14.1 --- a/doc-src/TutorialI/Misc/pairs.thy Wed Jul 25 18:21:01 2001 +0200 14.2 +++ b/doc-src/TutorialI/Misc/pairs.thy Thu Jul 26 16:43:02 2001 +0200 14.3 @@ -16,7 +16,7 @@ 14.4 \begin{itemize} 14.5 \item 14.6 There is also the type \tydx{unit}, which contains exactly one 14.7 -element denoted by \ttindexboldpos{()}{$Isatype}. This type can be viewed 14.8 +element denoted by~\cdx{()}. This type can be viewed 14.9 as a degenerate product with 0 components. 14.10 \item 14.11 Products, like type @{typ nat}, are datatypes, which means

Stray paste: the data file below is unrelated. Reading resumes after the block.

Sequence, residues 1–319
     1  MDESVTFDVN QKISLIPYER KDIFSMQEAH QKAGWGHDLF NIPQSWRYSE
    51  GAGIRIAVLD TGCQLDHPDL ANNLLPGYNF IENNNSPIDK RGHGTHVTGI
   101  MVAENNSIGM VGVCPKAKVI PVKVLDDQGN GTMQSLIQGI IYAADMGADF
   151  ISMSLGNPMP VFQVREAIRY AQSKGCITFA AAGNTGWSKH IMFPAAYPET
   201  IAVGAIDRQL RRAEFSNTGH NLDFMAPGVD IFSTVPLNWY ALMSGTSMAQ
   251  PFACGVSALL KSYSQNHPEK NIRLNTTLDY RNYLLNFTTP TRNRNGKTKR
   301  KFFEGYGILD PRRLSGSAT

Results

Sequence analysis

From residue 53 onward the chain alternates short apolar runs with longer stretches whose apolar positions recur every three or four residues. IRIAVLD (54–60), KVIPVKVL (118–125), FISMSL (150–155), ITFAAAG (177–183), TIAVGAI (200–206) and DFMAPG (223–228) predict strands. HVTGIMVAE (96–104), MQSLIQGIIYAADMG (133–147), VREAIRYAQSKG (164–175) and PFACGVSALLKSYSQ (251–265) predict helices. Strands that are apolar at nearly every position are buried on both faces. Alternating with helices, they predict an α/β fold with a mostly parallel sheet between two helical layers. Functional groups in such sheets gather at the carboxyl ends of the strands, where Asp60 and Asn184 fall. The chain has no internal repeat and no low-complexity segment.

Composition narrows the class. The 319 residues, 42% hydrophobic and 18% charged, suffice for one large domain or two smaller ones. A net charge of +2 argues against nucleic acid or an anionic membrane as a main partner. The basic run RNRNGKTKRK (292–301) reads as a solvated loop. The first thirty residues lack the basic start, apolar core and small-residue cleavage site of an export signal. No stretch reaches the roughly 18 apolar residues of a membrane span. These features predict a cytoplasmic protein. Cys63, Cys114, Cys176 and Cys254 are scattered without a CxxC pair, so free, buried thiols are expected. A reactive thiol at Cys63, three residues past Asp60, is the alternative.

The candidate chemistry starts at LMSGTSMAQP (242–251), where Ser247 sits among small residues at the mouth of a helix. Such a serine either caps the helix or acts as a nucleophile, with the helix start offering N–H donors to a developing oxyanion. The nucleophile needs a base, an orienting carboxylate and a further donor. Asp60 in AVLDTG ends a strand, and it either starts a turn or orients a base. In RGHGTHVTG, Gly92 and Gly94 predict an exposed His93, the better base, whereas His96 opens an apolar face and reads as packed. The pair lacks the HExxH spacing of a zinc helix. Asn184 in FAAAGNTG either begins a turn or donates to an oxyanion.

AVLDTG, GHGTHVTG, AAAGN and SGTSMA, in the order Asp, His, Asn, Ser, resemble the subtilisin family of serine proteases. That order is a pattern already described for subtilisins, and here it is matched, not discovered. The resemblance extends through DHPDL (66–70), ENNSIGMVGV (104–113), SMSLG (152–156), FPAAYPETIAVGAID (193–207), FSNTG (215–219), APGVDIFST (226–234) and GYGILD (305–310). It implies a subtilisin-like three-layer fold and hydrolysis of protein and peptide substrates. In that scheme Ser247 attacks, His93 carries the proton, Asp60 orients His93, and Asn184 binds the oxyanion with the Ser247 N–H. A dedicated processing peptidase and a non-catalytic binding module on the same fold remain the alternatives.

15.1 --- a/doc-src/TutorialI/Misc/prime_def.thy Wed Jul 25 18:21:01 2001 +0200 15.2 +++ b/doc-src/TutorialI/Misc/prime_def.thy Thu Jul 26 16:43:02 2001 +0200 15.3 @@ -5,12 +5,12 @@ 15.4 text{* 15.5 \begin{warn} 15.6 A common mistake when writing definitions is to introduce extra free 15.7 -variables on the right-hand side as in the following fictitious definition: 15.8 +variables on the right-hand side. Consider the following, flawed definition 15.9 +(where @{text"dvd"} means ``divides''): 15.10 @{term[display,quotes]"prime(p) == 1 < p & (m dvd p --> (m=1 | m=p))"} 15.11 -where @{text"dvd"} means ``divides''. 15.12 Isabelle rejects this ``definition'' because of the extra @{term"m"} on the 15.13 -right-hand side, which would introduce an inconsistency (why?). What you 15.14 -should have written is 15.15 +right-hand side, which would introduce an inconsistency (why?). 15.16 +The correct version is 15.17 @{term[display,quotes]"prime(p) == 1 < p & (!m. m dvd p --> (m=1 | m=p))"} 15.18 \end{warn} 15.19 *}